This ovigerous female L. textilis nicely displays the narrow, pointed jaws characteristic of the genus. The intensity of the rusty longitudinal striping also displays considerable variability in L. textilis it is influenced strongly by the availability of necessary color precursor substances in the animal's diet. Photo by Paul V. Loiselle.

Thorichthys pasionis Thorichthys pasionis

The color pattern of this male Labidochromis freibergi explains the common name of Dwarf Zebra frequently bestowed upon this most popular of Labidochromis species. Photo by Paul V. Loiselle.

The blue wash on the flanks of this female L. freibergi is characteristic of older individuals. It is the closest to masculinization of color pattern one will encounter in the genus Labidochromis. Photo by Paul V. Loiselle.

Likoma Island Clown Likoma Island Clown

This undescribed Labidochromis species, sold under the common name of Likoma Island Clown, is the smallest known representative of the genus, as well as one of the most colorful. Exceptional males may attain 5.5 cm SL! Photo by Paul V. Loiselle.

Females of the Likoma Island Clown have the cranial and jaw morphology of their consorts but could hardly differ more in coloration. Photo by Paul V. Loiselle.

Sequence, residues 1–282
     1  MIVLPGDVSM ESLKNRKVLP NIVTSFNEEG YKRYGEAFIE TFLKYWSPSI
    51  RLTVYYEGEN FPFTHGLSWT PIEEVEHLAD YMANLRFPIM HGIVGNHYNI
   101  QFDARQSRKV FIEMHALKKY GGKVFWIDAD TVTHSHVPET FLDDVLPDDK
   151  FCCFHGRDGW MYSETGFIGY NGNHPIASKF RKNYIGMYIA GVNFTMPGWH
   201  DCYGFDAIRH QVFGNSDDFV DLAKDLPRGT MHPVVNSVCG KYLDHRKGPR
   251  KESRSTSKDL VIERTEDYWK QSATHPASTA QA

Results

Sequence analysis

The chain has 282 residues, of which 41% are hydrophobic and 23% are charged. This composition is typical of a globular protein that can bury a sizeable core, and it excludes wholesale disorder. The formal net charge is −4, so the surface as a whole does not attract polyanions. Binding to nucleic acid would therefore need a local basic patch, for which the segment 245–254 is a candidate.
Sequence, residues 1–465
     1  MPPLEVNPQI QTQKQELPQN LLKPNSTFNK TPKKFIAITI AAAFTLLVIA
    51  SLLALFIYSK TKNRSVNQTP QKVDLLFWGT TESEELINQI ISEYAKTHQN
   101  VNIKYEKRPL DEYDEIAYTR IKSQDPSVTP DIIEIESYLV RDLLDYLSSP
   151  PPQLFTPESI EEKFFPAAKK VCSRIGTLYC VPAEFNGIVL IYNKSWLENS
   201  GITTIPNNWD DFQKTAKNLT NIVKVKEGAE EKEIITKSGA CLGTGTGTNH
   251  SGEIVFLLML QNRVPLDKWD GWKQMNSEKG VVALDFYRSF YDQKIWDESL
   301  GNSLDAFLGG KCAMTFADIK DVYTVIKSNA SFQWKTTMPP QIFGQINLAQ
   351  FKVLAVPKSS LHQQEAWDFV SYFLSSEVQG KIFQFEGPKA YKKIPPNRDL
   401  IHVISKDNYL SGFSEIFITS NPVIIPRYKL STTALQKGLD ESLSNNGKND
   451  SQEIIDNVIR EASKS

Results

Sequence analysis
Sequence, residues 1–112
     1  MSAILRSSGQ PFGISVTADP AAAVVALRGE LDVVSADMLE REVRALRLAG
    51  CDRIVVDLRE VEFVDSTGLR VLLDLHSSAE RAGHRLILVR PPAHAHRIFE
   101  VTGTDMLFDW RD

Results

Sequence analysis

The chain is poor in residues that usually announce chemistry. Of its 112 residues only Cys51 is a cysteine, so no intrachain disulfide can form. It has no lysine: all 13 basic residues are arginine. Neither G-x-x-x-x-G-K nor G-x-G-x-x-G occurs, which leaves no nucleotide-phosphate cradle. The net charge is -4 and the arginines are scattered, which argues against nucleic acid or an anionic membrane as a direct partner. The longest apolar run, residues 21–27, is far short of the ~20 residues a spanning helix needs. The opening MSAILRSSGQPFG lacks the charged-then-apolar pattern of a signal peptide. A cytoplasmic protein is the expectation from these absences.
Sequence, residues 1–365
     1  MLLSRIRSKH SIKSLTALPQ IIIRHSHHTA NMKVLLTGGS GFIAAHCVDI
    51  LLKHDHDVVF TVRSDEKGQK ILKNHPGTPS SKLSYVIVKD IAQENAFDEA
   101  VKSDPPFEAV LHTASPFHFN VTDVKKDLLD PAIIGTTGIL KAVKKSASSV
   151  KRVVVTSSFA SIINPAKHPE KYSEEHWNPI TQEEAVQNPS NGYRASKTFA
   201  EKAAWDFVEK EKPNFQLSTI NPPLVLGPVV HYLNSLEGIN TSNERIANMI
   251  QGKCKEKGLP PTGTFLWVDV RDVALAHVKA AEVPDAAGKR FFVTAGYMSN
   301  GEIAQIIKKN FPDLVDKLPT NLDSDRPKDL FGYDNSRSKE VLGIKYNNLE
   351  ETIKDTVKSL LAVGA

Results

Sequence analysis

The great virtue of Labidochromis is their ability to prosper equally well in tanks in the 120-200 Lt range. The secret to success is, again, proper tank furnishings. Plenty of shelter is a prerequisite to success. I like to rest a thin slab of slab sandstone cut just a few centimeters smaller than the inside dimensions of the tank on a three-sided framework of PVC pipe, then pile fist to cantaloupe-sized rocks up to just below the water surface at each end of the aquarium. This arrangement combines a profusion of shelter with good water circulation. The fish appear to appreciate the open space in the center of the tank, while the rocky areas provide enough topological diversity to allow males to define and hold display territories quite easily. A 120 Lt aquarium so furnished will support a harem of one male and 6-8 female Labidochromis quite comfortably. Alternatively, it will support 3 or 4 pairs of as many different species. Nor need such a tank be limited to Labidochromis species. Any of the smaller mbuna will make suitable tank-mates for Labidrochromis. The various Cynotilapia seem to do quite well in their company, as does the Rusty Cichlid, Iodotropheus sprengerae. Paradoxically, one often finds that Labidochromis are much more inclined to hide when given a tank of their own than when housed in a community situation. The use of appropriate dither fish (Loiselle, 1979a) usually brings the cichlids out of the rock work in a short time. Bear in mind when selecting dither fish for their tank that Labidochromis are not efficient piscivores and cannot be counted upon to limit the reproductive output of poeciliids to any significant degree.